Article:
Today the Emirati is close to making a full recovery and is back home after undergoing an intensive rehabilitation programme at Amana Healthcare hospital in Al Ain. “I am very happy. Now he is walking and talking. It is unbelievable,” said Yahya, 39, who took a leave of absence from his job in the military to keep a daily vigil by Mohammed’s bedside. He said he could not imagine life without his brother. “We are very close. We are like the nail and the finger,” said Yahya, who feared for his sibling’s life after the stroke.
“His condition was really bad. But after the first two to three weeks in Amana, I had hope that he would get better.” Mohammed said he felt pain in the right side of his body as he lay in bed moments before the stroke occurred. “That night I woke up and felt something was abnormal and I called for my wife,” he said. His next memory was of waking up at Amana. “When I woke up I wondered why I was here and why I was in this position,” said Mohammed. “At the beginning I was very depressed, thinking I could not walk again. But as I began to improve I felt there was some hope there and I wanted to go back to my wife and my daughters.”
It was this perseverance that aided his miraculous recovery, the doctors said. Taking his first bite of food and walking his first steps marked two post-stroke milestones. “I cannot explain how happy I was. I never expected to reach this point,” he said, His wife of 17 years, Bakhita, smiles as she watches her husband chatting and smiling while gripping a glass of orange juice. These everyday actions are something she only dared hope for four months ago. “I have never been so stressed before,” she said. “Now … I am very happy.”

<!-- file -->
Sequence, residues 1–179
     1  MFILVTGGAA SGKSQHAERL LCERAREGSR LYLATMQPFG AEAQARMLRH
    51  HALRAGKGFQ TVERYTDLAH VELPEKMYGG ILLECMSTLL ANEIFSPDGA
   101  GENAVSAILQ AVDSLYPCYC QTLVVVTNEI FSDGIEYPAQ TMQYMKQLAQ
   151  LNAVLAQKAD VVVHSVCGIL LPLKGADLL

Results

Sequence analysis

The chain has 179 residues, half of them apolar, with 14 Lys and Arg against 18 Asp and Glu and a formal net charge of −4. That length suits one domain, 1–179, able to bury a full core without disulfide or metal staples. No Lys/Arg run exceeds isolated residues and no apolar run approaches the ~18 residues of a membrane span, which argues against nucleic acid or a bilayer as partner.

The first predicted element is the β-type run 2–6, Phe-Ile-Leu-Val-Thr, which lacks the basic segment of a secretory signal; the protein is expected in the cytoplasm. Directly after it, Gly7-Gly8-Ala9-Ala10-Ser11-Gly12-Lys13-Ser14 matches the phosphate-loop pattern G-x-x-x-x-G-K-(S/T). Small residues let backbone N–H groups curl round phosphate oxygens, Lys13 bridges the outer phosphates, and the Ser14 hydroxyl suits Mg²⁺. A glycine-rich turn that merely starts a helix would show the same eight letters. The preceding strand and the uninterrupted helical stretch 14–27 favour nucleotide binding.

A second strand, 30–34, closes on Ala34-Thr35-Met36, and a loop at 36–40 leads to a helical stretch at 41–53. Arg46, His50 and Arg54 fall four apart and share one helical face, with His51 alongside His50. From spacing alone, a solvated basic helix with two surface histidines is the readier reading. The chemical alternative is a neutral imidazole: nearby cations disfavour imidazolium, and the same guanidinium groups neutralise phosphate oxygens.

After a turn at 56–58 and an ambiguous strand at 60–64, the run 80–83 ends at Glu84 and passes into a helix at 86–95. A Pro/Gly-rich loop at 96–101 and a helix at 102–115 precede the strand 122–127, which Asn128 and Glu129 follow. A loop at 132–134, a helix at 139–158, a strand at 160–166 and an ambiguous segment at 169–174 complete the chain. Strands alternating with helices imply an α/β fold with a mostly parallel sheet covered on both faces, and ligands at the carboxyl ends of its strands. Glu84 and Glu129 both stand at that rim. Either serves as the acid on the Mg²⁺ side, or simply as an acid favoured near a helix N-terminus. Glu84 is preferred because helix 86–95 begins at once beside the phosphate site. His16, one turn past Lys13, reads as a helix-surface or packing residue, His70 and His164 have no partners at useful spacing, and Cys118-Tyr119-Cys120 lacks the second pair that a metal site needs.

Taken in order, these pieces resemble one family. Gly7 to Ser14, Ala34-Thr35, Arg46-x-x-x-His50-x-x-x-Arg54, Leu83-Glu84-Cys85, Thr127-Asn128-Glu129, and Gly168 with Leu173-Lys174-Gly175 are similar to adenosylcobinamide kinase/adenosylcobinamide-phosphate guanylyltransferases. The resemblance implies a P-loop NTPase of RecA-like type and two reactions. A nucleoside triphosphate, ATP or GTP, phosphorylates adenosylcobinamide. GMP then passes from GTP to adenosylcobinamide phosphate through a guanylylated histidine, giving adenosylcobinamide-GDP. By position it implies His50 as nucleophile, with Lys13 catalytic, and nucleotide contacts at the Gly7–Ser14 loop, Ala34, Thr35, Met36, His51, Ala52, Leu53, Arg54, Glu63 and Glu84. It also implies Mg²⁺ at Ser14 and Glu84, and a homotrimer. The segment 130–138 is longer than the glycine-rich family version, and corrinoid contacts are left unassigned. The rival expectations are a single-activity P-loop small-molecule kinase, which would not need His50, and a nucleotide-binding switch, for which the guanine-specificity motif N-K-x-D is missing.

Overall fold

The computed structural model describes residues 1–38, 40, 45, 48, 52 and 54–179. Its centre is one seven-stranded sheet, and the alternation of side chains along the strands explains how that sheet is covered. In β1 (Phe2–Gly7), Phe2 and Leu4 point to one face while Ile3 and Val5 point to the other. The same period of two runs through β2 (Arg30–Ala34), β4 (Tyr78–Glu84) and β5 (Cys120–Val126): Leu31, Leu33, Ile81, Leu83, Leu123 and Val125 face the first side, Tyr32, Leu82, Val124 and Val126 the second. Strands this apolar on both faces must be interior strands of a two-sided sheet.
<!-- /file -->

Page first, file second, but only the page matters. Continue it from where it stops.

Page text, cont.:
Mohammed suffered a stroke after failing to take his medication for high blood pressure. He was admitted to a hospital in Al Ain, a period he cannot recall. Five weeks later he was admitted to Amana. “They certainly felt he would not recover,” said Magi Livadaris, VP of CLinical Operations at Amana Healthcare. At that time, Mohammed could not breathe without a ventilator, could not eat or move independently and had no means of communication except for limited facial expressions. “There is a look in a patient’s eyes that you see and he was scared. So you knew he had enough cognitive function to realise I was not happy,” said Ms Livadaris.
The hospital closely monitored his medical problems, including hypertension and heart disease. To be sure, Mohammed has made a remarkable recovery. Less than two months after his family was told that he might never leave hospital, he is now able to walk with a cane, breathe independently, talk normally and is back home with his family. Mohammed has since regained about three quarters of his motor-neurone function.
“It was recoveries such as Mohammed’s that made the work at the hospital worthwhile”, said Ms Livadaris.